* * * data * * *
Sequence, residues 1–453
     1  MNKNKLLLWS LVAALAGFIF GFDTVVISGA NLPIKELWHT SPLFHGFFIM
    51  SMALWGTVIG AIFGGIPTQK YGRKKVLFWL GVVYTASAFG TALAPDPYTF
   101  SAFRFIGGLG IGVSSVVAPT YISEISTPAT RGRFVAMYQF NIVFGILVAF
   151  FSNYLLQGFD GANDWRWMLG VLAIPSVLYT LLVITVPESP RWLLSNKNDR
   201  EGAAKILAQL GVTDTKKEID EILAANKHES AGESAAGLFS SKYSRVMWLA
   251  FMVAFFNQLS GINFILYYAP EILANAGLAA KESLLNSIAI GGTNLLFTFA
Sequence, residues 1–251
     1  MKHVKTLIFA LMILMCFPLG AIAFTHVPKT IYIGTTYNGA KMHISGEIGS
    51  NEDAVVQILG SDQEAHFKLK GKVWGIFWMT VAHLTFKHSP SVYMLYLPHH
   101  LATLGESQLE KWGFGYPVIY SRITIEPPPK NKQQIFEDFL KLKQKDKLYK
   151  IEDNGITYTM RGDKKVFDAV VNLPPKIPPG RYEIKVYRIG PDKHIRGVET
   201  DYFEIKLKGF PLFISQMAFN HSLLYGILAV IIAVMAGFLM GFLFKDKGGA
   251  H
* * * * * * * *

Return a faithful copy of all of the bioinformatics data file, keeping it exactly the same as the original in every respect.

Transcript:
Sequence, residues 1–453
     1  MNKNKLLLWS LVAALAGFIF GFDTVVISGA NLPIKELWHT SPLFHGFFIM
    51  SMALWGTVIG AIFGGIPTQK YGRKKVLFWL GVVYTASAFG TALAPDPYTF
   101  SAFRFIGGLG IGVSSVVAPT YISEISTPAT RGRFVAMYQF NIVFGILVAF
   151  FSNYLLQGFD GANDWRWMLG VLAIPSVLYT LLVITVPESP RWLLSNKNDR
   201  EGAAKILAQL GVTDTKKEID EILAANKHES AGESAAGLFS SKYSRVMWLA
   251  FMVAFFNQLS GINFILYYAP EILANAGLAA KESLLNSIAI GGTNLLFTFA
Sequence, residues 1–251
     1  MKHVKTLIFA LMILMCFPLG AIAFTHVPKT IYIGTTYNGA KMHISGEIGS
    51  NEDAVVQILG SDQEAHFKLK GKVWGIFWMT VAHLTFKHSP SVYMLYLPHH
   101  LATLGESQLE KWGFGYPVIY SRITIEPPPK NKQQIFEDFL KLKQKDKLYK
   151  IEDNGITYTM RGDKKVFDAV VNLPPKIPPG RYEIKVYRIG PDKHIRGVET
   201  DYFEIKLKGF PLFISQMAFN HSLLYGILAV IIAVMAGFLM GFLFKDKGGA
   251  H